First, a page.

As you probably already know, I have been on-again, off-again with respect to the wagon since completing 100 days at the end of last year, beginning of this one. I want to be done with the off-again part.
Recently, I had a conversation with a friend about how alcohol is a crappy way to self-medicate. It just has too many side effects. Even its enjoyable aspects are only fleeting. Any relief from anxiety or stress is only replaced with and compounded by additional stress and anxiety soon afterwards. And what is the point of having a “fun” time with your friends when you only have hazy memories of what actually happened? Maybe that isn’t fair. Maybe the feeling of having had fun with your friends and having bonded (even if you don’t remember everything) is worth it … but I don’t think so. Not if this is what you do habitually. If alcohol was a prescription drug, there would be a very long list of probable side effects listed: additional anxiety, regular sleeplessness, severe headaches, nausea and vomiting, limited or failed relationships, memory loss, chronic hypertension, organ damage, cancer, dementia …
I know from my own experience that it is hard to see it after you’ve been sober for a while so I’m going to share some things I remembered recently about drinking booze to excess (the way I generally like it). I’ll start with the most obvious: hangovers suck.
You know that feeling you get when you wake up feeling like someone is driving a stake through your head, and when you get up to take some ibuprofen, you can barely stand from ongoing deep waves of nausea? Maybe you don’t really remember it very well now that you’ve been sober for a while. Maybe you’ve managed to repress it. Well, I remember it. It sucks.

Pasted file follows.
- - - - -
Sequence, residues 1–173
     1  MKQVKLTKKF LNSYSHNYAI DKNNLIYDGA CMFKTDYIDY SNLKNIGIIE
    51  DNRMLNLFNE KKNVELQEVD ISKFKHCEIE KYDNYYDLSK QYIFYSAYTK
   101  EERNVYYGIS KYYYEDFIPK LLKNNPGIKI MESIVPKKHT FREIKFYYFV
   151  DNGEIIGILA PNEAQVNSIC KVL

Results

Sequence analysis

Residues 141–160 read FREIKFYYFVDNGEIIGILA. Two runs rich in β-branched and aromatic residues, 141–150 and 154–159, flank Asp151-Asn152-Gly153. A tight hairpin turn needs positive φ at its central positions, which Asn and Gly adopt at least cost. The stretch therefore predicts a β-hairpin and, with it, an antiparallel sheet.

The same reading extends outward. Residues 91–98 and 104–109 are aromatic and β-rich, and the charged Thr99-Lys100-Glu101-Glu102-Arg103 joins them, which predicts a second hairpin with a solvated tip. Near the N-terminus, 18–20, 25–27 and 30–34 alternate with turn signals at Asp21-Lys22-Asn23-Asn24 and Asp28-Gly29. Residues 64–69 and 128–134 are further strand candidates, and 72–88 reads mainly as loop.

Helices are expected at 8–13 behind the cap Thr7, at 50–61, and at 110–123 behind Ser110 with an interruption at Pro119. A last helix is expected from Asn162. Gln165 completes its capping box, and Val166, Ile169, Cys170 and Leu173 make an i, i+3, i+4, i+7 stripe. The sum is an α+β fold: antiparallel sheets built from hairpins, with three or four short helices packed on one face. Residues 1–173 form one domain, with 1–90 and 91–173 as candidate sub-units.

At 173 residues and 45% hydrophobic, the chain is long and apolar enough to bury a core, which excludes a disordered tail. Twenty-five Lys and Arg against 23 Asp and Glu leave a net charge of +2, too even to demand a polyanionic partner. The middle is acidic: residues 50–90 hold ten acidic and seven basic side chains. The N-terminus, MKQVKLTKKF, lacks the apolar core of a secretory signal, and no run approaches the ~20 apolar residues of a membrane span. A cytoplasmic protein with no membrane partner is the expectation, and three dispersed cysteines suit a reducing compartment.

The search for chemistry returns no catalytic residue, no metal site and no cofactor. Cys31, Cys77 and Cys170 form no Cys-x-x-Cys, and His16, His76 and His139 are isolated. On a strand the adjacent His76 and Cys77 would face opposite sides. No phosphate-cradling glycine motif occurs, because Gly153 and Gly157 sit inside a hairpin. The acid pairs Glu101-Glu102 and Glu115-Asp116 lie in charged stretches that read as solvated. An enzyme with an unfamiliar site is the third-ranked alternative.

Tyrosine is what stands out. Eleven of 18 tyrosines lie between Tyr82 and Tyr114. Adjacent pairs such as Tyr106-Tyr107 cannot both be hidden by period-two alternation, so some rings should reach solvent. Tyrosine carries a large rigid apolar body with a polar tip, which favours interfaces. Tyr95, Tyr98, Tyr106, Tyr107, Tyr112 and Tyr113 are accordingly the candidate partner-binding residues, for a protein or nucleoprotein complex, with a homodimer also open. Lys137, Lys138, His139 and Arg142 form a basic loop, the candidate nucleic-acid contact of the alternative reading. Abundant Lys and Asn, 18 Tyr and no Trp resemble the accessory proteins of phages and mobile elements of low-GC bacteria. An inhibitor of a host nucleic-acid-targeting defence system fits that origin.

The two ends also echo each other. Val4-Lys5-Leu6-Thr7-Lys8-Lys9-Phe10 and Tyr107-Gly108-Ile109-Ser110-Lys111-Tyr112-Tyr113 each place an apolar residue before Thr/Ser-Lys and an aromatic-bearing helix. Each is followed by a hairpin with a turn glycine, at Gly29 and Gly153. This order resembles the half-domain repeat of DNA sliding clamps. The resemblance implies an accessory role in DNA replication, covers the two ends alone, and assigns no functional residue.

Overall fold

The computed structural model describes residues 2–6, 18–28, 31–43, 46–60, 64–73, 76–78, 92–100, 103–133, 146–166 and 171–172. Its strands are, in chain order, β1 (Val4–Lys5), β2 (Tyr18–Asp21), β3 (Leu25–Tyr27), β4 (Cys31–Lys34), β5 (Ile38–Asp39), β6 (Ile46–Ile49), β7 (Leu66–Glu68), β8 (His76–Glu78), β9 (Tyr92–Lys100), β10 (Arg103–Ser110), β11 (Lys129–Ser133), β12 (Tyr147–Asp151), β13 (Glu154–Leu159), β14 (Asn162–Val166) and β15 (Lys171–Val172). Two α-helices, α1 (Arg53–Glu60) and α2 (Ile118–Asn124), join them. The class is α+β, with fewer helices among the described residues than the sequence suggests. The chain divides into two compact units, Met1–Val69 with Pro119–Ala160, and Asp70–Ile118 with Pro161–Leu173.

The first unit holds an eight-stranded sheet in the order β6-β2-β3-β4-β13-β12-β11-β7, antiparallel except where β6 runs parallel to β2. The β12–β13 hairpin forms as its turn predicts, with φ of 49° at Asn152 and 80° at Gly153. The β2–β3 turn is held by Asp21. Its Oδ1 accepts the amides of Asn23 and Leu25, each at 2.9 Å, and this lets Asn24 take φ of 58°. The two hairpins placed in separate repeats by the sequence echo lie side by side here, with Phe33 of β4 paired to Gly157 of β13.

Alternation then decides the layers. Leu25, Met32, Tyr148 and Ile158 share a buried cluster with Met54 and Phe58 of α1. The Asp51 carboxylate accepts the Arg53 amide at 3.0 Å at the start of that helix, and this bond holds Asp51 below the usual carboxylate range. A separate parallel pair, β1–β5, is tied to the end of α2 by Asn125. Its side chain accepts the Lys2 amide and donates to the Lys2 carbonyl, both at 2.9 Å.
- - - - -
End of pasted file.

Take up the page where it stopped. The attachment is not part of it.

When I was a new drinker, having a hideous hangover meant that I would swear off booze (for a few days at least). The LAST thing I ever wanted to do was to taste alcohol while fighting to not throw up bile first thing in the morning (sorry, sorry, I know that’s gross). However, as I got on in my drinking years, I started to think a hair of the dog was a good idea. I would drink at 3 a.m. to go back to sleep (more on this later). I would drink at 8 a.m. to go back to sleep on weekends. Once in a while, I even got truly drunk for a second time in the middle of the night. This was rare, and I didn’t drink before work exactly, but near the end of last year, I had a few times when I worried I still had alcohol in my system from middle-of-the-night drinking when I arrived at work in the morning.
And speaking of work, how horrible is it to try to get through the workday while hungover? Every second is an eternity of suffering until you can get to that part of the day when the hangover finally releases you from its terrible grip and you start to feel human again?
I know that most of us probably didn’t experience hangovers this way every day. Personally, a bottle of wine didn’t really regularly give me a serious hangover after some years of drinking. But there was still always that malaise. The heavy fog. The exhaustion. The irritability. The nagging anxiety. It all sucks.
So, if you are thinking it might be a good idea to visit that old friend alcohol, think again about the crappy side effects. In my next post, I’ll explore “Why the f*** am I awake at 3 a.m. AGAIN?”
Sending love and support to all of you.
Ms. New Leaf